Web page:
KAGAWONG—While it may not be surprising, it is still not good news, says Barbara Erskine, Manitoulin Energy Plan Coordinator with Smart Green Communities of a recently released report that indicates Canada is warming twice as fast as the rest of the world.
“It’s not a huge surprise,” said Ms. Erskine last week. “In my presentation earlier this spring to the MMA (Manitoulin Municipal Association), I quoted a report that had been written in 2015 with projections for Ontario climate changes. It pretty much agrees with the new report from the federal scientists.”
The Canadian Press reported April 2, 2019 that Canada is warming up twice as fast as the rest of the world and it’s effectively irreversible, according to a new scientific report from Environment and Climate Change Canada. At stake is just how bad that warming gets, said several scientists presenting the ‘Canada’s Climate Change Report’ in Ottawa last week.
“Based on the work of 43 federal- and university-based scientists who reviewed published scientific literature over the last two years, the report is stark in its findings,” said Elizabeth Bush, a climate science advisor at Environment Canada. She explained, “we are already seeing the effects of widespread warming in Canada. It’s clear, the science supports the fact that adapting to climate change is an imperative. Urgent action is needed to reduce emissions.”
The report says the average temperature in Canada is 1.7°C higher today than it was 70 years ago, while the average global temperature is up 0.8°C.
The Canadian Arctic has been hit even harder with a 2.3°C increase, creating a risk that by the middle of this century most marine regions in the Canadian North will be ice-free for at least a month at a time, the report indicates.
Warming is happening even faster in winter, with a 3.3°C average temperature increase between December and February, leaving southern Canadians with more winter rain and Northern Canadians with melting permafrost and less sea ice. More rain and less snow could have a significant impact on the availability of fresh water in parts of the country, particularly in the summer, the report notes.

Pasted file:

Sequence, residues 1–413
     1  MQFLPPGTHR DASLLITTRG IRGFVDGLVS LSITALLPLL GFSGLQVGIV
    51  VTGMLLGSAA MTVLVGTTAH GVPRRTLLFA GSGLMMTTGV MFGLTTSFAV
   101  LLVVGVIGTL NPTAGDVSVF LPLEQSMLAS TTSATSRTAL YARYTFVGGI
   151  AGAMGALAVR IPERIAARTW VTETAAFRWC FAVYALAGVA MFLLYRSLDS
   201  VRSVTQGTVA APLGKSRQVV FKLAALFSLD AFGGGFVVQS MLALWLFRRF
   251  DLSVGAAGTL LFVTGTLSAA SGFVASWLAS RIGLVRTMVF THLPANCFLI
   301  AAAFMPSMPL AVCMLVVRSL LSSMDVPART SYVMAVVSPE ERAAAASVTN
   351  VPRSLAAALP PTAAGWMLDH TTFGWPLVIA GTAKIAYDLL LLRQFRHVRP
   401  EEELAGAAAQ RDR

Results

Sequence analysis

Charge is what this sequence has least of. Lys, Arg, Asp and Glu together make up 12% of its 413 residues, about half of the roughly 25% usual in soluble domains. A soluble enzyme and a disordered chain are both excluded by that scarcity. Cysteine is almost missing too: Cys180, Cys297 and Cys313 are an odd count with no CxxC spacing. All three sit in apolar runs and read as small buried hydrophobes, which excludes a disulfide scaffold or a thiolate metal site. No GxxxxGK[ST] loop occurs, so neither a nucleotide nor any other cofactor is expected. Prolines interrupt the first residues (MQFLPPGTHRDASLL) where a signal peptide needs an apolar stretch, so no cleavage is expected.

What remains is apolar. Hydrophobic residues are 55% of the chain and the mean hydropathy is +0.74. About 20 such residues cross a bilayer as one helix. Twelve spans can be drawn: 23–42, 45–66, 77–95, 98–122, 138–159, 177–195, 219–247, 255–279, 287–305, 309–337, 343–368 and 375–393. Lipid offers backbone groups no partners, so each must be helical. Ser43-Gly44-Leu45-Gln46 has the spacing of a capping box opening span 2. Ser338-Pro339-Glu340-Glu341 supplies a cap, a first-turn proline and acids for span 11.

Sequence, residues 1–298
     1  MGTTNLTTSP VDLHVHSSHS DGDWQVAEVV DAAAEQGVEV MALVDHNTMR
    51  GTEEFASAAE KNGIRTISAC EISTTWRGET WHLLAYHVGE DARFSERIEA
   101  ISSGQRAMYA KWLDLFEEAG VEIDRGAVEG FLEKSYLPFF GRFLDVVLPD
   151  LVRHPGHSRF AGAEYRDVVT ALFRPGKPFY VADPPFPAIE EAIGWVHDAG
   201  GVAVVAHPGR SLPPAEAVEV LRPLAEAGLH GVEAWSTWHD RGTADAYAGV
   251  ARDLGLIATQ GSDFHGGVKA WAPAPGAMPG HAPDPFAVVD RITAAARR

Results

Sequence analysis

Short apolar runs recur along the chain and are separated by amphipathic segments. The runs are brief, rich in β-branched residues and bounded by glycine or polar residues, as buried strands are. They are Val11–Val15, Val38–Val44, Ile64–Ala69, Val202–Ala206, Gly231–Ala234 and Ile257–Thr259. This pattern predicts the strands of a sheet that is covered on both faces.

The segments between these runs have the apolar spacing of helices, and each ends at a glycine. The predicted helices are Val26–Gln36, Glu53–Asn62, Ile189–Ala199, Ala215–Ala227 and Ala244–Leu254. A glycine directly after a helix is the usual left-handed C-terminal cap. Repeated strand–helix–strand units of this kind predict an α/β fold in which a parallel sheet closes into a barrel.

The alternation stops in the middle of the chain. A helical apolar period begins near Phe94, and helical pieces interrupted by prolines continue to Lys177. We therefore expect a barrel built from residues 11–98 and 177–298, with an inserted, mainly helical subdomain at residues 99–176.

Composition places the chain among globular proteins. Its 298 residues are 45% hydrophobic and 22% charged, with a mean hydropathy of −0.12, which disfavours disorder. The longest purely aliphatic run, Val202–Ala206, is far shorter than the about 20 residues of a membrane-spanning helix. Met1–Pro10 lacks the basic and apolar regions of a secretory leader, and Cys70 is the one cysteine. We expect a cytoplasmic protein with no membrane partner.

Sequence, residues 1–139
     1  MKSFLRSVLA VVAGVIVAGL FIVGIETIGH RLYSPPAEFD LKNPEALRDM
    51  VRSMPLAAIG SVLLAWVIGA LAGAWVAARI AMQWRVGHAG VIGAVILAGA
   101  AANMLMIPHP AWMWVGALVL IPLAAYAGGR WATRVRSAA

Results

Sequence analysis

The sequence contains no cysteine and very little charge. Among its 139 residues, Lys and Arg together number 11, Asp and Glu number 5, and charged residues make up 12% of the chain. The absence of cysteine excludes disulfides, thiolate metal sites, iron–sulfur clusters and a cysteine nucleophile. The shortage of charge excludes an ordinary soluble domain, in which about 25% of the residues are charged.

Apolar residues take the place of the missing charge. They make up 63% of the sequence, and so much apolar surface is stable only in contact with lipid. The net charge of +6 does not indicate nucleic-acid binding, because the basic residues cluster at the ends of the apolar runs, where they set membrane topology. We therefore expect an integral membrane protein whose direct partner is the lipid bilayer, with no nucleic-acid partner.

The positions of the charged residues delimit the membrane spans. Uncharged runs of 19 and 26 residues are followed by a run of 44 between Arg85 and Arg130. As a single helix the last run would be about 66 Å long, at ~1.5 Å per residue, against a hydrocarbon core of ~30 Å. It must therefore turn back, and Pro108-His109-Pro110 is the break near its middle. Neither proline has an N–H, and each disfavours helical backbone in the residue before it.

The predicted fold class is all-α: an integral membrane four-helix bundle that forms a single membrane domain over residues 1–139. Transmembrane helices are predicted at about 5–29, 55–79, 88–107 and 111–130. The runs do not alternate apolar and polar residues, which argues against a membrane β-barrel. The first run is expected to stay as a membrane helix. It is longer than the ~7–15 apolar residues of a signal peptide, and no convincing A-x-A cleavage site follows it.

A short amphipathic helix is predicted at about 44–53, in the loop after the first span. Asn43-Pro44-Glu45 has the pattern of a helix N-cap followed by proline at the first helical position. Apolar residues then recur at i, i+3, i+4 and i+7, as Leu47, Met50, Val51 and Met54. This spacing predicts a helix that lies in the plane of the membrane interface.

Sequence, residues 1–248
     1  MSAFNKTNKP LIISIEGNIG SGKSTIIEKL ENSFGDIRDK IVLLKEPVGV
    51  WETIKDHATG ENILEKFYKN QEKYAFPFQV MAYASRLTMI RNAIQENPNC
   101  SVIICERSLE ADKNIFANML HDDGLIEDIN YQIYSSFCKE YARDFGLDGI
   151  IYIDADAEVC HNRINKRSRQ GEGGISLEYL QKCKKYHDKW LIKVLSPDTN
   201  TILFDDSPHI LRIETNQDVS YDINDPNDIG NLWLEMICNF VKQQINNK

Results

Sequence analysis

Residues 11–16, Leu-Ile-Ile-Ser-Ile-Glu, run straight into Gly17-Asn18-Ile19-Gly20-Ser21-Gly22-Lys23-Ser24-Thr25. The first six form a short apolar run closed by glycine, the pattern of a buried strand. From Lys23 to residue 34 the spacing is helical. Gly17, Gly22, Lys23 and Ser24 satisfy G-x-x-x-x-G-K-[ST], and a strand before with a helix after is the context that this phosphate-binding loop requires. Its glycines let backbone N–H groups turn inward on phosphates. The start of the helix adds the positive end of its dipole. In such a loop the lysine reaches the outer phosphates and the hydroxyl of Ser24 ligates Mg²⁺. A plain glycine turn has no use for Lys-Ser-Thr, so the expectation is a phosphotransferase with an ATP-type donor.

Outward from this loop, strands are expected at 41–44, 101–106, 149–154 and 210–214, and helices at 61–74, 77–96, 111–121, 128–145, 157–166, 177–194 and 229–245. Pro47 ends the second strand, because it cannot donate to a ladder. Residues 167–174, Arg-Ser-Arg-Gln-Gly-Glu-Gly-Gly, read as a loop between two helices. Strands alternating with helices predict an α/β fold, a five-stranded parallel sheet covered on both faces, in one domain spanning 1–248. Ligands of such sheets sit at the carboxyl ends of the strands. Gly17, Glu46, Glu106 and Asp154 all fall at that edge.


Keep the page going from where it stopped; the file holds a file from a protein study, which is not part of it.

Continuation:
Warmer winters also mean certain species that can’t survive Canada’s winters now will start to do so, bringing pests and diseases to Canada that have not been seen before, the report notes.
The scientists acknowledged that emission cuts need to be global but also said cuts anywhere can have an impact on the planet’s climate.
The report makes clear that the climate impacts already seen on Earth are going to stay with the planet for “centuries to millennia” even if the world hits the emissions cuts believed necessary to slow warming to a more manageable pace.
Ms. Bush told the Canadian Press there are two vastly different pictures for Canada depending on whether the world makes significant progress towards cutting greenhouse gas emissions to zero by 2050. The report shows if the world can do that, the average temperature increases in Canada by the end of the century will be less than 3°C even in the hardest-hit parts of the country.
But if the world keeps emitting at the same rate, most parts of Canada will see increases of between 7°C and 9°C, with the far reaches of the Arctic seeing temperature changes in excess of 11°C, reports the Canadian Press.
“We (Canada) need to get our act together drastically and meet the Paris Accord agreement. If we don’t do anything it will mean carbon emissions and temperatures will increase, and this has to be done worldwide. It is almost incomprehensible what the effects will be if action is not taken now. There needs to be political will to make the changes needed,” said Ms. Erskine. “Where is the conversation? Given the urgency of this issue, action needs to be taken.”